The career rocket to which Rory McIlroy is strapped took him to No 2 in the world following his Open victory, though watching him claim a third major at 25 few would argue there is a better player in the golfing firmament than the Ulsterman.
The near-million banked at Hoylake also catapulted him to the top of the Race to Dubai and with the WGC Bridgestone Invitational next week feeding directly into the final major of the season, the PGA Championship, McIlroy threatens even more plunder.
This is the golfer Nike thought they were getting when they shelled out £75m for the association 19 months ago. They look to have stolen McIlroy now. He is one of only five men to have won a major before the age of 26, Gene Sarazen, Jack Nicklaus, Seve Ballesteros and Tiger Woods are the others. Only Nicklaus and Woods had three at his age.
McIlroy mania will be raging when he tees up in Ohio next week, and then at Valhalla. It will be off the scale at Augusta in April, where he goes in pursuit of the missing major, the Masters. Had he acquired the maturity three years ago that he showed in holding off the challenge of Sergio Garcia and Rickie Fowler at Royal Liverpool, the green jacket might have been the first item of major furniture in his locker.
That four-shot collapse on the final day in 2011 remains an epic feature of the McIlroy landscape. He wins and loses big. This is why we are drawn to him. The annus horribillis of 2013 is another example of the drama that comes with the territory. But when he climbs out of the holes he digs, he is a uniquely compelling customer. There is no finer sight in golf than McIlroy with the hammer down.
His victories at the 2011 US Open at Congressional and the 2012 PGA Championship at Kiawah Island were delivered by eight shots. At the Open he was required to defend a winning position that stood at six at the start of the final day and extended to seven after he birdied the first.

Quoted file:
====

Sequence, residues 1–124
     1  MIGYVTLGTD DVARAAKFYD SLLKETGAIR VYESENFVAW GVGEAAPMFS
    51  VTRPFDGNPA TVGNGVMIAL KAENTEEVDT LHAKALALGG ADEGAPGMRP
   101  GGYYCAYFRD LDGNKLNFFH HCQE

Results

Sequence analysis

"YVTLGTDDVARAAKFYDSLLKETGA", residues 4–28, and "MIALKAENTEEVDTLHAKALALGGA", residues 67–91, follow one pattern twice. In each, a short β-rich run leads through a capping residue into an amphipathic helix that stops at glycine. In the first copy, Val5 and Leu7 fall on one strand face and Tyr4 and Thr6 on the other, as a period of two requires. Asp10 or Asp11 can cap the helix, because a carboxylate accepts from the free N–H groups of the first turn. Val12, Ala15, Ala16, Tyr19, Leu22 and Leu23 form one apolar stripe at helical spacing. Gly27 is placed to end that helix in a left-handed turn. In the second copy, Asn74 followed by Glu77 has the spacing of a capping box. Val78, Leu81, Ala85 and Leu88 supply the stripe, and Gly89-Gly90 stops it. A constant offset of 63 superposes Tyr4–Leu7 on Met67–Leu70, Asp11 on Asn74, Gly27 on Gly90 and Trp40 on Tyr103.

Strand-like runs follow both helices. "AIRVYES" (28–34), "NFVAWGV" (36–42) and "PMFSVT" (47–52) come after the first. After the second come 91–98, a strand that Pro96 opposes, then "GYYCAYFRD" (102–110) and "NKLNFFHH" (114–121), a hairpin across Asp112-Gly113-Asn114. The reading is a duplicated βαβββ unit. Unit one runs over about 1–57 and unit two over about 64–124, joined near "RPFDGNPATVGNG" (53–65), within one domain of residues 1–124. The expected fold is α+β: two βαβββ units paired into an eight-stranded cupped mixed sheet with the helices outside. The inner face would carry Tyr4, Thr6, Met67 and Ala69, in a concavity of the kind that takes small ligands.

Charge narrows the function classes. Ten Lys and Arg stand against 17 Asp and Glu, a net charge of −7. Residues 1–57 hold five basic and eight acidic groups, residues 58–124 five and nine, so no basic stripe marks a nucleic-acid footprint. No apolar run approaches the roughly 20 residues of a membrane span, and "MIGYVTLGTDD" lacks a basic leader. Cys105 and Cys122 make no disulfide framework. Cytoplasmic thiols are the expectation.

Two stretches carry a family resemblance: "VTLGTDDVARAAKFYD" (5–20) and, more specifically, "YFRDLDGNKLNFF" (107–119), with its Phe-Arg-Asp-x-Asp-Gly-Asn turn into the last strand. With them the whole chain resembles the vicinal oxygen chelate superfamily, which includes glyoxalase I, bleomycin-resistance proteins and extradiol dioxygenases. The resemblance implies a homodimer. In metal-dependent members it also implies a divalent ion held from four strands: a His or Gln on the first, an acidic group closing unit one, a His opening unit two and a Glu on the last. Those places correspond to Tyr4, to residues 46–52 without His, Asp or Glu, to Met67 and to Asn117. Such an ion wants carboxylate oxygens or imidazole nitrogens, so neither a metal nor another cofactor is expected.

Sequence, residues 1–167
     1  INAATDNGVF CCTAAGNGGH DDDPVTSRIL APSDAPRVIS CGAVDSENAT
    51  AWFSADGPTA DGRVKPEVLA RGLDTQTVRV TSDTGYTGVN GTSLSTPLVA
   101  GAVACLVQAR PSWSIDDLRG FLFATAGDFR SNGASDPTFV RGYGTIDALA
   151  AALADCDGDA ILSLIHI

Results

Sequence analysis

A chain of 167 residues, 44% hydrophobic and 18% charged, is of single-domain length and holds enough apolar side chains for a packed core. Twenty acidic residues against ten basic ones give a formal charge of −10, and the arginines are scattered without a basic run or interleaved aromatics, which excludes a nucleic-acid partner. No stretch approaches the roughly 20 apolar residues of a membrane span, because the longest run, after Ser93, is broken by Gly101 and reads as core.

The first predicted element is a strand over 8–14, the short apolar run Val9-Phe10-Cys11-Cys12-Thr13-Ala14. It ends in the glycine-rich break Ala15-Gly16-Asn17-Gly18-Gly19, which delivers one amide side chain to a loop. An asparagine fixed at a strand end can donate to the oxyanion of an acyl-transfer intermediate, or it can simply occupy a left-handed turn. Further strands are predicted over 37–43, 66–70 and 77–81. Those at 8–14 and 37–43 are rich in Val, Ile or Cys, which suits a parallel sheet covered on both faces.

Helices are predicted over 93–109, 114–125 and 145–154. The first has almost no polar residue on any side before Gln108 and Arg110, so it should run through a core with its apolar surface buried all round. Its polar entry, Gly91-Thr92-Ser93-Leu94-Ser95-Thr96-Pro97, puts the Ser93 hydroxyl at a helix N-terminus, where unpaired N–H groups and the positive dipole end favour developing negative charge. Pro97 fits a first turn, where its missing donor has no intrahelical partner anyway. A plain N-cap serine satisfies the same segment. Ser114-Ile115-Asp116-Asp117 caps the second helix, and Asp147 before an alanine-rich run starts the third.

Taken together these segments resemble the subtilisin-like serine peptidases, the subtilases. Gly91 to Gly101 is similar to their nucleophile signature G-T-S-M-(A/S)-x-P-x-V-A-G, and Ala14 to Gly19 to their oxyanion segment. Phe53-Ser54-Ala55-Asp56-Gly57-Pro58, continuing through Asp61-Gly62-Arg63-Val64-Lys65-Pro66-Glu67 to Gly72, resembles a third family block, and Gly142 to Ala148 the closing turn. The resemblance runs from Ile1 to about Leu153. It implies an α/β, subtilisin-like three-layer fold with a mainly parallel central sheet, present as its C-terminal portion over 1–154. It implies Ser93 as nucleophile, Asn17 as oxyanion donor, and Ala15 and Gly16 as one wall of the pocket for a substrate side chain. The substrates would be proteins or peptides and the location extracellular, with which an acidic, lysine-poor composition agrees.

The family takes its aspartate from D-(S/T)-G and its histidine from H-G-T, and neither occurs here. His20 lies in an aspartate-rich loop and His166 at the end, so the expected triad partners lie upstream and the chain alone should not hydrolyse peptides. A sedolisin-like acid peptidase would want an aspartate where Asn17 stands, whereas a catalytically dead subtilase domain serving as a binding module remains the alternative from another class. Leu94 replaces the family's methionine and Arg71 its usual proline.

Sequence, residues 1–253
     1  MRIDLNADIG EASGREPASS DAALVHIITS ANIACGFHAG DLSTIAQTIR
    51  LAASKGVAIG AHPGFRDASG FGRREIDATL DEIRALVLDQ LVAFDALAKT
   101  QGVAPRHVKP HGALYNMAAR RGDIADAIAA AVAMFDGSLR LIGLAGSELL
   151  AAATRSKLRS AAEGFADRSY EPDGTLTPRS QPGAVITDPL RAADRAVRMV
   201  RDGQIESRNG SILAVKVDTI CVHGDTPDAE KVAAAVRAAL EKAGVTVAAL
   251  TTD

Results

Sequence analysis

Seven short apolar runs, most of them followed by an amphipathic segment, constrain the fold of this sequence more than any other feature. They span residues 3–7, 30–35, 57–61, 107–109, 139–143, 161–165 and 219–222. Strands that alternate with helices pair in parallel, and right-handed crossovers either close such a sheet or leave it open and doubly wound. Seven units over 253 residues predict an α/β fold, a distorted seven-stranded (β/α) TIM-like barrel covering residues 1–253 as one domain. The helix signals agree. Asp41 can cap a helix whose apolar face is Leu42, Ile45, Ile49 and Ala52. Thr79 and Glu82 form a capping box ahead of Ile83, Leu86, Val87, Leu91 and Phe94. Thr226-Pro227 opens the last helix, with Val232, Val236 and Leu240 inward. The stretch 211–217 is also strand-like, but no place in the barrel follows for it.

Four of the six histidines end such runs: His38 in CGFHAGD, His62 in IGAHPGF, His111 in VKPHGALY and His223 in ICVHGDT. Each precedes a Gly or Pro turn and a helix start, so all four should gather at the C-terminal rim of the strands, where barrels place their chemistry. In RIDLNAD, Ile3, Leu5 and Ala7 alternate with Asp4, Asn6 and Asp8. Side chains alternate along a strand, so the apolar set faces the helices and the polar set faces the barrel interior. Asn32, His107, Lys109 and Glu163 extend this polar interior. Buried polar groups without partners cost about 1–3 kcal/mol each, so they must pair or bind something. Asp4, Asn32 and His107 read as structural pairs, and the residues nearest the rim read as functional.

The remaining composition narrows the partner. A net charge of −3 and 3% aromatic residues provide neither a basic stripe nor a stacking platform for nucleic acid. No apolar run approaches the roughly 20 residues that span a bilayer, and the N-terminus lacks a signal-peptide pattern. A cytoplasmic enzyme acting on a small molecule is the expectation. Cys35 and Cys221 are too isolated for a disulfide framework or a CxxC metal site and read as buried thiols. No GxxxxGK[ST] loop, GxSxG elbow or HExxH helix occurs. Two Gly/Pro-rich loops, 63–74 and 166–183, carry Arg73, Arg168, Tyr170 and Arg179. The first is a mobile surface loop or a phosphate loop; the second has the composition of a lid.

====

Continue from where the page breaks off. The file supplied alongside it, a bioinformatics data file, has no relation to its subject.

Garcia in the penultimate group came at him hard, twice closing to within two shots when the tension was at its height. His playing partner, Fowler, also began to exert pressure over the closing holes as Hoylake reverberated to birdie song, but McIlroy managed his business like the main man he has become, landing the counters when needed to claim the greatest prize in golf by two strokes.
The Claret Jug, coupled with the cumulative power of three, takes McIlroy into an entirely different dimension. Sir Nick Faldo is the most successful European of the modern era with six majors, one more than Ballesteros. Both dealt in jugs and jackets, but no European has held three different pots since the Masters rolled out in 1934.
So McIlroy is by glorious increments carving a historic place in the pantheon. He wouldn’t say no to a second PGA crown in Louisville next month but the Masters is the one he really, really wants to spice up his life, pun intended.
“Even though there’s still one major left this year that I want to desperately try to win, I am looking forward to next April and trying to complete the career Grand Slam. I’ve always been comfortable from tee to green at Augusta. It’s just taken me a few years to figure out the greens, where you need to miss it and some different little shots that you might need that week.
“What really helped me last year was playing with Jeff Knox in the third round. He was my amateur marker and he’s the best I’ve ever seen on Augusta’s greens. I might have to take a couple of trips up before the tournament next year and have a couple of practice rounds with him.”
Before that there is some celebrating to be done. The first snaps of liquid refreshment going into the Claret Jug are already circulating through the ether. McIlroy tweeted a picture with family and friends in the rented house on the Wirral with the jug taking centre stage.
There is no time like the first time, and no time limit on victory. McIlroy is and always will be an Open winner.Reuse content